The Coming Balkanization of the Democratic Party
Speaker Nancy Pelosi’s House has more women, persons of color and LGBT members than any House in history—and fewer white males.
And Thursday, the day Rashida Tlaib was sworn in, her hand on a Quran, our first Palestinian-American congresswoman showed us what we may expect. As a rally of leftists lustily cheered her on, Tlaib roared, “We’re gonna impeach the (expletive deleted)!”
Not only was no apology forthcoming, the host of the New American Leaders event where Tlaib spoke warmly endorsed her gutter language.
Her remarks, said Sayu Bhojwani, “were raw and honest, and came straight from the heart. … a refreshing break from the canned comments our elected leaders usually make. Tlaib spoke…with the fire that so many at our event wanted to hear.”
Sunday, Alexandra Ocasio-Cortez, 29, the youngest member of the new House, told CNN there is “no question” President Donald Trump is a “racist,” for he regularly uses “historic dog whistles of white supremacy.”
While the Democratic Party is celebrating a diversity that insists that the more women, persons of color and gays in leadership ranks, and the fewer white males, the stronger and better the party, has all of America embraced this as an ideal?
Is there no limit to the ideological, political, religious, racial and ethnic diversity a party and nation can tolerate before it comes apart?
Are Democrats inviting an eventual Balkanization of their party and country?
Consider: this week, Julian Castro, former mayor of San Antonio and HUD secretary, appeared about to enter the race for the Democratic nomination. Castro has seen fellow Texan Robert F. O’Rourke, who goes by the nickname “Beto,” walk off with his Hispanic constituency in a 2018 Senate race. So Castro intends to win it back it in the Democratic primaries.
Former Congressman O’Rourke has been accused of trying to pass himself off as Hispanic, though he is of Irish descent. Elizabeth Warren suffered a near-fatal wound trying to pass herself off as part Cherokee Indian.
In December, Maze Jackson, morning host of a radio station that reaches into Chicago’s black community, said of the mayoral election to succeed Rahm Emanuel, where 21 candidates have filed and a black woman and a Hispanic woman are the front-runners, “This thing is going to get so tribal.”
The Democratic front-runners for the presidential nomination—Joe Biden, Bernie Sanders and Beto—are all white males. Ranked just below them are black Senators Cory Booker and Kamala Harris.
South Carolina is a state where a large slice of the Democratic vote is African-American —Jesse Jackson won the caucuses in 1988—and Harris and Booker should expect to do well if they do not split that vote.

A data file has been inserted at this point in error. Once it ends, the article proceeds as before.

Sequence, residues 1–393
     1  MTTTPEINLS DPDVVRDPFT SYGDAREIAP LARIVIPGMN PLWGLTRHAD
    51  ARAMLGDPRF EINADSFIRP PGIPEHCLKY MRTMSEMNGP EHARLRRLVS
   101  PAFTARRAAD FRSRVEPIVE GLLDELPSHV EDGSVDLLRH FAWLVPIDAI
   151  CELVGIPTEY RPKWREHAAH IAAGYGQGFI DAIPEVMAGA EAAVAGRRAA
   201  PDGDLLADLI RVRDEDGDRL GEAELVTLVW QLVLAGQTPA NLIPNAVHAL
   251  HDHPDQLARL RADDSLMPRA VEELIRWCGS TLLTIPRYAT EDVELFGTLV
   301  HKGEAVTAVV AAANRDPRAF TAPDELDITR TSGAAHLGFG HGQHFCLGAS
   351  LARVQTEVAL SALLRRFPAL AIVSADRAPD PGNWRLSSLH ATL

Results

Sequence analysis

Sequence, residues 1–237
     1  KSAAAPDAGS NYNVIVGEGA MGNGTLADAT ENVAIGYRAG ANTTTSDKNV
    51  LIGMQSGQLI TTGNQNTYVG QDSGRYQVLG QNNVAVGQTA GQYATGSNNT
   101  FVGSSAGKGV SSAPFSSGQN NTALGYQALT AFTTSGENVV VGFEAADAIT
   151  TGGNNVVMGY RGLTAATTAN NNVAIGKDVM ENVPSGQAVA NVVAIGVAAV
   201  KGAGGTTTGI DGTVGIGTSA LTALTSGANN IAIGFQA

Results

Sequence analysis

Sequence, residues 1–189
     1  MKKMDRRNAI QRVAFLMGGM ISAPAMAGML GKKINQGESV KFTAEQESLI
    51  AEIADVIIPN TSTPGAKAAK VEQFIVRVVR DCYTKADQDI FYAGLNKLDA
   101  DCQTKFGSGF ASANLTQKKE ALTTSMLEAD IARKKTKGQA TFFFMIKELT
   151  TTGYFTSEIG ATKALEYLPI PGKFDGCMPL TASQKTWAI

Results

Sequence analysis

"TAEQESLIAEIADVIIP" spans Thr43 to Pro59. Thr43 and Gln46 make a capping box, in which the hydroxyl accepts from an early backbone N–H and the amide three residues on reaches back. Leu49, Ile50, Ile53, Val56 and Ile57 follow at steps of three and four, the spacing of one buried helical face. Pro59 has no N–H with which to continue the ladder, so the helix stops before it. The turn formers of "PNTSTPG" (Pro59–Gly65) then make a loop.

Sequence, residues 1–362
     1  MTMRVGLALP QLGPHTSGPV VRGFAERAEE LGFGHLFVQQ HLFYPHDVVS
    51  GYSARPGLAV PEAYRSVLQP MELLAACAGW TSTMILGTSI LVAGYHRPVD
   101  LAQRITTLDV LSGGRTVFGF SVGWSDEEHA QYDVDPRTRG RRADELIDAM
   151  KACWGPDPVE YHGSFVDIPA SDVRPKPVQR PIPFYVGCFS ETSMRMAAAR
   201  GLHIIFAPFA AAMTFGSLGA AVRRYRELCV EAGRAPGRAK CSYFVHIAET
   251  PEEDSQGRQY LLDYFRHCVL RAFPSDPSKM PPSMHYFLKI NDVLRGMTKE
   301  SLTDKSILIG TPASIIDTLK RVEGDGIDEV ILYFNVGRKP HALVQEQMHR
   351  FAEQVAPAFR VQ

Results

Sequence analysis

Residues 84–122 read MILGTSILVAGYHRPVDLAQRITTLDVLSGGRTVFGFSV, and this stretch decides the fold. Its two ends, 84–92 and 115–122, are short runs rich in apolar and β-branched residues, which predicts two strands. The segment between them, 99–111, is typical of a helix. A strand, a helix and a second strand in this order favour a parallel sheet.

While racial and ethnic voting is not new, it appears much more intense.
In the last Congress, the 33 U.S. congressional districts with the largest concentrations of black voters almost all elected African-Americans who became members of the racially exclusive Black Caucus.
The first two battles of 2020, Iowa and New Hampshire, are in states predominantly white. Sen. Elizabeth Warren has made several stops in Iowa with impressive turnouts, putting pressure on Biden and Sanders to decide soon.
But while Biden is the front-runner, consider how far away the ex-vice president is from the new realities in his party.
Though millennials are one voting bloc Democrats are courting most, Biden would be the oldest president ever elected. He was in the Senate for a decade before Ocasio-Cortez and Tlaib were even born.
Biden is an old white male in a party that wants the torch passed to women and minorities. He backed George W. Bush and Dick Cheney in voting for the war in Iraq. He backed an anti-crime bill in the early 1990s that incarcerated individuals now gaining release by the latest crime bill. As Judiciary Committee chair, he presided over the hearings that resulted in a vote to elevate Clarence Thomas to the Supreme Court.
The Republican Party, even with the never-Trumpers gone, still seems more united than a Democratic Party where the differences are not only ideological but also racial, religious and tribal.
Ocasio-Cortez is backing a hike in the top federal income tax rate to 70 percent. Castro has suggested taking a look at a top rate of 90 percent. How will this sit with the big Democratic donors?
Joe Biden, like Pelosi, was raised Catholic in a Church that taught that homosexuality was immoral and abortion was the killing of the innocent unborn for which the sanction was automatic excommunication.
Today, the Democratic Party celebrates same-sex marriage as social progress and regards abortion as a cherished constitutional right. A floor battle erupted at its 2012 Charlotte, North Carolina, convention over whether God should even be mentioned in the party platform.
Yet Nancy Pelosi did last week denounce as “immoral” the idea of building a security wall along America’s border with Mexico.
No, this is not JFK’s party anymore. That party is long dead.
Patrick J. Buchanan is the author of Nixon’s White House Wars: The Battles That Made and Broke a President and Divided America Forever.